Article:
A petty theft, kidnapping for ransom, prolonged incidents of communal violence in a region, Naxal activities in a geographically large area of a state: What do you think is common to all these apparently diverse phenomena?
Economics is the driving force behind all of them. Most of these crimes, specially communal and caste riots, do not take place for the apparent reasons that are usually assigned to them almost instantly. The media focus their reporting on the petty incidents that create the so-called spark. Activities of anti-socials begin to get projected for the next few days. Many times these get prolonged, and tend to get politicised in the most predictable ways. In fact, these steps are now so well programmed that an observant person can almost script out the media reports of the next five days. The typical government reaction to these riots is to set up of a Commission of Inquiry. The terms of reference of these commissions are also as standardised and predictable as the reporting by the media of such incidents.
Having seen so many Commissions of Inquiry reports on riots, I have observed that these have all gyrated around the details of the incidents and the faults of the administrative machinery. Rarely did I chance to see a report, which could provide any deep insight into the causes and, therefore, some clue to possible lasting solution to the problem.
Right from the beginning of my career in the police when I was dealing with petty crimes, I used to be thoughtful about what really provided the impetus to the criminals to do what they do. What is the final outcome of all the crimes that get committed? Is there something that can be termed as a common outcome?
Before I dwell on the communal incidents, I will talk on how this concept of economics, which in my opinion is the driving force of a majority of crimes, was applied to the issue of kidnapping for ransom that plagued the Champaran region of Bihar for a very long time. When I joined that place as SP, I began by analysing the economics of this activity called kidnapping for ransom.
Soon I found that the ransom money the gangsters received against kidnapping was peanuts, not even sufficient to sustain the establishment cost of the gang. I started looking around for the right reasons for kidnapping. It was not long before I reached the conclusion that these gangs were covertly running the business of “forest felling”, “international smuggling”, “illegal mining”, “illegal selling of sugarcane challans”. These were the major sources of money of these gangsters. The kidnapping they committed did not produce “ransom”. Instead, it produced terror which made their money-spinning illegal activities easy to operate. Once I understood their dynamics, I started hitting at these illegal activities directly, which put the plans of these gangsters in disarray, making it easy for me to tackle the kidnapping menace. I was promoted before due date and shifted.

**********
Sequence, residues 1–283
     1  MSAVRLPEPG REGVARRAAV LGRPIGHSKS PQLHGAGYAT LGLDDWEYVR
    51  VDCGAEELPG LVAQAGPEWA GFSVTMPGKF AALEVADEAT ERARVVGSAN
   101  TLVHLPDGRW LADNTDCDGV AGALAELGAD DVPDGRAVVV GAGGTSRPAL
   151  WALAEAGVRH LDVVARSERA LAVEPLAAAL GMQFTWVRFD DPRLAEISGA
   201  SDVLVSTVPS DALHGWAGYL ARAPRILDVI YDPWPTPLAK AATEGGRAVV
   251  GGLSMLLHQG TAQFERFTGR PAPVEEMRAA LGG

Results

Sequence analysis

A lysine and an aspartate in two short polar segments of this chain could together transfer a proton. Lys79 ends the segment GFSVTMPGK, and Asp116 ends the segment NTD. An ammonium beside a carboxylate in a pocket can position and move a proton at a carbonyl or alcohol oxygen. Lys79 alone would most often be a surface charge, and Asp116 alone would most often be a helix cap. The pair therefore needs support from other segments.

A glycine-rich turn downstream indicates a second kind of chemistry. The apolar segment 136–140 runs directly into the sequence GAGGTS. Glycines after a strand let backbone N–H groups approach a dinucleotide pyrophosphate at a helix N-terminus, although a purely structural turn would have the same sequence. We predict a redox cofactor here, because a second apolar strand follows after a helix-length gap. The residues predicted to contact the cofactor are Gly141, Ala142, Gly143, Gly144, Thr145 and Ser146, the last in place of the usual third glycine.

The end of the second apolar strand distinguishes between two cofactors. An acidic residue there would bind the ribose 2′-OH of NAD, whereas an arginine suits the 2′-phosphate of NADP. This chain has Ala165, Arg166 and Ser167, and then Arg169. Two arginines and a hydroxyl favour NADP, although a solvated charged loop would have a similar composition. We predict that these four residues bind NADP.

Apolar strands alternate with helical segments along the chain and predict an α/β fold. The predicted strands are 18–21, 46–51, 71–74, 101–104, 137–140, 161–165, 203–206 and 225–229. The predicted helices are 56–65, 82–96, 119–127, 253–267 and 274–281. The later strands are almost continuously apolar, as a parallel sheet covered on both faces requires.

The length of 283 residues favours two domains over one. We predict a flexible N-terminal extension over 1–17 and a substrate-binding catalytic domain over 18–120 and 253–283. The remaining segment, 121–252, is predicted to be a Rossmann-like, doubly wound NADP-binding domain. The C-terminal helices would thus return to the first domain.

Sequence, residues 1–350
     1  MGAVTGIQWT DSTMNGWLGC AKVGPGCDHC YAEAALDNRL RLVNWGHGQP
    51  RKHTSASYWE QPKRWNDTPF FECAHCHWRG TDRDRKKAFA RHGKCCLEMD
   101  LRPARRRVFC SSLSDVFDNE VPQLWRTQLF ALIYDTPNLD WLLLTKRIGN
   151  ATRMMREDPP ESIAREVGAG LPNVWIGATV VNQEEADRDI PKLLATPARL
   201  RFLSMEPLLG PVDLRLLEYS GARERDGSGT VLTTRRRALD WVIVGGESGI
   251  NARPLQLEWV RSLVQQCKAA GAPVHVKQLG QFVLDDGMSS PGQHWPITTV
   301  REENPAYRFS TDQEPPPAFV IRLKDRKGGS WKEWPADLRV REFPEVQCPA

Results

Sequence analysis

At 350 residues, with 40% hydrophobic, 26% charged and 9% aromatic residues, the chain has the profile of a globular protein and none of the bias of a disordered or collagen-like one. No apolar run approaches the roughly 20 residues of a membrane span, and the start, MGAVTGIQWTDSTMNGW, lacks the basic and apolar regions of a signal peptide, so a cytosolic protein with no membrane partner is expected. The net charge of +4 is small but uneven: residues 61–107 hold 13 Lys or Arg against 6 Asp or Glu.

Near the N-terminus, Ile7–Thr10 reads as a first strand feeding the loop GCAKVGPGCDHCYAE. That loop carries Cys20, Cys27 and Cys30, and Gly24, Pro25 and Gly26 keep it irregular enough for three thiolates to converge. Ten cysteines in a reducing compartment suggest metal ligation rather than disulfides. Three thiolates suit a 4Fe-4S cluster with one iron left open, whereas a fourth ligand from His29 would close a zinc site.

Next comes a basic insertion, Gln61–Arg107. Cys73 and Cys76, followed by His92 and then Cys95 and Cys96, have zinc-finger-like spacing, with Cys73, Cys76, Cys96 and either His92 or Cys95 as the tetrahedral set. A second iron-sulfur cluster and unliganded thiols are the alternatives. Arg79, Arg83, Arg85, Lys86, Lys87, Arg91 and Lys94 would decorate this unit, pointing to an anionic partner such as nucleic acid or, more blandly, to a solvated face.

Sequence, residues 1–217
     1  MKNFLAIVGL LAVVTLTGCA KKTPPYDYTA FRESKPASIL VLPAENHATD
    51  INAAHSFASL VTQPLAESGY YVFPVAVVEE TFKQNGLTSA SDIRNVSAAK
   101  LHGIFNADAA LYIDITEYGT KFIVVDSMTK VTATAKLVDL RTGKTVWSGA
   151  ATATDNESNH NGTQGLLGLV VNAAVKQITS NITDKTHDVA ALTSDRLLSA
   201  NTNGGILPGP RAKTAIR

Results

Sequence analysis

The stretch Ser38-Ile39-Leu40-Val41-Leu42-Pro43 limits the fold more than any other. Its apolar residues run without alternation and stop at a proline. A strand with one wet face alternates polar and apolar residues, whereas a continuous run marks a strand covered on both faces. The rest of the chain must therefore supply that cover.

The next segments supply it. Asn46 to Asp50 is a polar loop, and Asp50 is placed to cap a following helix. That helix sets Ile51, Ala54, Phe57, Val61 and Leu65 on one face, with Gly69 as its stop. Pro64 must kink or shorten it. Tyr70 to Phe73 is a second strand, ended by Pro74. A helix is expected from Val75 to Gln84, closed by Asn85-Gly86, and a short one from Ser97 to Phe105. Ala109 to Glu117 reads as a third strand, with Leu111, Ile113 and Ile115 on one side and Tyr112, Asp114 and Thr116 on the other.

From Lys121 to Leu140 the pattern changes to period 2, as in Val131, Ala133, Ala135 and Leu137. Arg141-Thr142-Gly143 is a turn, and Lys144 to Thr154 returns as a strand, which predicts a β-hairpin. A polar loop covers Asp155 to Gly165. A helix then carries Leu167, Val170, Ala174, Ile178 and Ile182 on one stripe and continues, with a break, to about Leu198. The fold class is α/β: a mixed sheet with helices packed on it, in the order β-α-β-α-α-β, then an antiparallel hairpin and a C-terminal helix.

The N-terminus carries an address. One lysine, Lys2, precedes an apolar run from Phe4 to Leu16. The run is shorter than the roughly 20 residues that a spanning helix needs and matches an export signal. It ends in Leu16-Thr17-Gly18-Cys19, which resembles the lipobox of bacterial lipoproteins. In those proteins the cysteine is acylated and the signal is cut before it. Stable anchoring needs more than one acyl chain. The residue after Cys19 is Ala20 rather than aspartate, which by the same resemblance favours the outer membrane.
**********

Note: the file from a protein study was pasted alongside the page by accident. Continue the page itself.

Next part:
On January 26, 2006, the government of Bihar issued a notification creating the Bhagalpur Communal Riot Judicial Inquiry Commission consisting of retired justice N.N. Singh of the Patna high court. This was by itself not in any way an explosive decision considering the fact that the Bhagalpur communal riots, which had changed the political course of this country in many ways, happened almost 17 years before this decision was taken. Another commission had already done what commissions usually do in such situations, that is submit a report. The reason why this commission of 2006 is being referred to is due to two terms of reference that are different from most of the earlier commissions created in this country to look into communal riots. I deem it appropriate to quote this verbatim so that the import comes out in all its dimensions and paradigms:
III. “To inquire and find whether distress/duress sale of properties in the riot affected areas have taken place. If so the circumstances under which this had happened including identifying persons responsible.”
IV. “To consider, suggest and supervise the ways and scheme for rehabilitation and rendering relief to the victims in the Bhagalpur Riot and particularly for restoring their possession over the land and houses from where they may have been uprooted forcibly and criminally”.
These two terms of reference were definitely new and have far reaching implications. It also helps to understand the “economics of communal/caste riots”. The commission did a thorough job of it, gathering all documented data on transfer of property in the riot affected area, summoning all the sellers of such property, examining them under oath and submitting the finding in the most reasonable way expected of any commission. It is beyond the physical scope of this article to quote the results. Suffice it to say the commission came to the conclusion that properties were transferred under distress/duress and it also recommended legal ways for the restoration of these properties which had been transferred forcibly and criminally.
The commission submitted its report almost a year ago. However, the victims of the distress/duress sale of Bhagalpur riots who have been so assiduously identified in the report along with the persons who are now the owners of property got through forcible/criminal eviction under the cover of legal transfer of property, which was in actual a result of distress/duress sale, have yet to feel the impact of the decisive action of the state government.